Quantum line shape calculations of the rototranslational enhancement spectra of nitrogen-methane gaseous mixtures are reported. The calculations are based on a recent theoretical dipole function for interacting N_{2} and CH_{4} molecules, which accounts for the long-range induction mechanisms: multipolar inductions and dispersion force-induced dipoles. Multipolar induction alone was often found to approximate the actual dipole surfaces of pairs of interacting linear molecules reasonably well. However, in the case of the N_{2}-CH_{4} pair, the absorption spectra calculated with such a dipole function still show a substantial intensity defect at the high frequencies (>250 cm^{−1}) when compared to existing measurements at temperatures from 126 to 297 K, much as was previously reported.

Figure 4. Collision-induced rototranslational absorption band of interacting N_{2} and CH_{4} molecules, the binary enhancement spectrum of nitrogen- methane mixtures at the temperatures of 126°, 149°, 179°, and 212°K. Our calculations ͑thin lines͒ are compared with existing measurements ͑heavy͒ ͑Ref. 4͒.

I. R. Dagg, A. Anderson, S. Yan, W. Smith, C. G. Joslin, and L. A. A. Read, Collision-induced absorption in gaseous mixtures of nitrogen and methane, Canadian Journal of Physics, 1986, 64(11): 1467-1474, https://doi.org/10.1139/p86-260.

In spite of decades of extensive studies, the role of water dimers (WD) in the atmospheric radiation budget is still controversial. In order to search for evidence of the dimer in the solar near infrared, high spectral resolution pure water vapour absorption spectra were obtained in laboratory conditions for two different pressures and temperatures in the spectral region 5000–5600 cm^{−1} (1.785 to 2 µm). The residual was derived as a difference between the measured optical depth and the calculated one for water monomer, using the modified HITRAN database and two different representations of the water vapour continuum: CKD-2.4 (Clough–Kneizys–Davies) and the Ma and Tipping continuum. In both cases the residuals obtained are very similar to those expected from a recent theoretical calculation of the WD absorption. However, the WD band half-width at half maximum (HWHM) and dimerization equilibrium constant, k_{eq}, required to provide a best fit to the residual, differ for each case. To be in best agreement with the residual calculated by using the Ma and Tipping continuum, the WD bands HWHM should be ∼28 cm^{−1}, and k_{eq}=0.02±0.0035 atm^{−1}and 0.043±0.0055 atm^{−1}for temperatures 342 and 299 K respectively. For the residual calculated using the CKD-2.4 continuum the fitted value of the HWHM is ∼18cm^{−1}, and k_{eq}=0.011±0.0025 atm^{−1}(342 K) and 0.018±0.003 atm^{−1}(299 K). It is concluded that a substantial part of the WD absorption is already implicitly included within the CKD-2.4 continuum model. The increase in estimated clear-sky global mean absorption of solar radiation due to WD varies from 0.5% to 2.0%, depending on the set of WD parameters used. On the basis of a comparison of the derived k_{eq }values with others in the literature, the higher estimate is favoured.

Figure 4. Corrected residual between measurement and modified-HITRAN calculations with CKD-2.4 included. Bars show the measurement errors and errors of spectral line parameters fitting. (a) 20 hPa, 128 m, 299 K measurement. (b) 98 hPa, 9.7 m, 342 K measurement. To best fit the residual, the dimer spectrum is red-shifted by 12 cm^{-1} and 5 cm^{-1} for (a) and (b) respectively.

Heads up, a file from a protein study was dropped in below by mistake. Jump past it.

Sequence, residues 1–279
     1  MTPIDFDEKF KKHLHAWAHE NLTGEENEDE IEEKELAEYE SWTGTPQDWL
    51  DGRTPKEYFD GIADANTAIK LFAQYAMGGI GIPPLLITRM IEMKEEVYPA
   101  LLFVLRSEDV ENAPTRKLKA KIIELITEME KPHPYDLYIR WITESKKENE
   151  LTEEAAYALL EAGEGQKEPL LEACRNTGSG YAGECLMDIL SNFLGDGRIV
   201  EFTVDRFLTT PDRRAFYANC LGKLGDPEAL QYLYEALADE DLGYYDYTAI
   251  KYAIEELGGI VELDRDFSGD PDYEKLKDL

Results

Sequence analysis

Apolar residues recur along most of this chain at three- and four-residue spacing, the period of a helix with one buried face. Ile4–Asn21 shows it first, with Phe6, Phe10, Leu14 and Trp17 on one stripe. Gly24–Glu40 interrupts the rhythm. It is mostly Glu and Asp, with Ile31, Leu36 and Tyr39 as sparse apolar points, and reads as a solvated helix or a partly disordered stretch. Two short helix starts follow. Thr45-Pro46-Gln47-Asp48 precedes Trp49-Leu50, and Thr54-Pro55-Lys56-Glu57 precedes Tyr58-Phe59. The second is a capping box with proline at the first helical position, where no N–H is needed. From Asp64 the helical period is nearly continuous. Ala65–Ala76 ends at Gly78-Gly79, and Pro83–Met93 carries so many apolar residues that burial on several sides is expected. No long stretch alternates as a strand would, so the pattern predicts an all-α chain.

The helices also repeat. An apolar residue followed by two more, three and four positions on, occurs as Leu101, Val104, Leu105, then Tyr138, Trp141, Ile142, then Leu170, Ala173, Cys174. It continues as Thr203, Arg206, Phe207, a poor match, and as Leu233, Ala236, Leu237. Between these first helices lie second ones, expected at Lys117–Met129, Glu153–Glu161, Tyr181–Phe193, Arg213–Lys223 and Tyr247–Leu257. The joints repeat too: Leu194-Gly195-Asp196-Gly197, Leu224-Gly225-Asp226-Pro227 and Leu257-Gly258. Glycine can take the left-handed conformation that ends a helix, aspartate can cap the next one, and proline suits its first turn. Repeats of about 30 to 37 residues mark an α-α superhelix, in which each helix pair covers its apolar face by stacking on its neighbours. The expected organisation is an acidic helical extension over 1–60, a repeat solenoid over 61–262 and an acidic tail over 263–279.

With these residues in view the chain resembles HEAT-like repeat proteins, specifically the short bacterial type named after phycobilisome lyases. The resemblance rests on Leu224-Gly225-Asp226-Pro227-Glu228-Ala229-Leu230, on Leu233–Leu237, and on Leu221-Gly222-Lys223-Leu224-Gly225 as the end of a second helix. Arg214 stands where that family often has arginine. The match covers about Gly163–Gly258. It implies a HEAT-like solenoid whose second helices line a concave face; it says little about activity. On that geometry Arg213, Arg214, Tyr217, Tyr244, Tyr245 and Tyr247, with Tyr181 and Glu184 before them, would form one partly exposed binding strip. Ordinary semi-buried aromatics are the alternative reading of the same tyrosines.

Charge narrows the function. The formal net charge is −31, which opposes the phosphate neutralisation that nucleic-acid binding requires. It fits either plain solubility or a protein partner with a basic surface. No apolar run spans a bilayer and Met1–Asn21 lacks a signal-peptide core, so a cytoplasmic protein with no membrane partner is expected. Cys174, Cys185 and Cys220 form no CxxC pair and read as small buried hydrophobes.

In spite of decades of extensive studies, the role of water dimers (WD) in the atmospheric radiation budget is still controversial. In order to search for evidence of the dimer in the solar near infrared, high spectral resolution pure water vapour absorption spectra were obtained in laboratory conditions for two different pressures and temperatures in the spectral region 5000–5600 cm^{−1} (1.785 to 2 µm). The residual was derived as a difference between the measured optical depth and the calculated one for water monomer, using the modified HITRAN database and two different representations of the water vapour continuum: CKD-2.4 (Clough–Kneizys–Davies) and the Ma and Tipping continuum. In both cases the residuals obtained are very similar to those expected from a recent theoretical calculation of the WD absorption. However, the WD band half-width at half maximum (HWHM) and dimerization equilibrium constant, k_{eq}, required to provide a best fit to the residual, differ for each case. To be in best agreement with the residual calculated by using the Ma and Tipping continuum, the WD bands HWHM should be ∼28 cm^{−1}, and k_{eq}=0.02±0.0035 atm^{−1}and 0.043±0.0055 atm^{−1}for temperatures 342 and 299 K respectively. For the residual calculated using the CKD-2.4 continuum the fitted value of the HWHM is ∼18cm^{−1}, and k_{eq}=0.011±0.0025 atm^{−1}(342 K) and 0.018±0.003 atm^{−1}(299 K). It is concluded that a substantial part of the WD absorption is already implicitly included within the CKD-2.4 continuum model. The increase in estimated clear-sky global mean absorption of solar radiation due to WD varies from 0.5% to 2.0%, depending on the set of WD parameters used. On the basis of a comparison of the derived k_{eq }values with others in the literature, the higher estimate is favoured.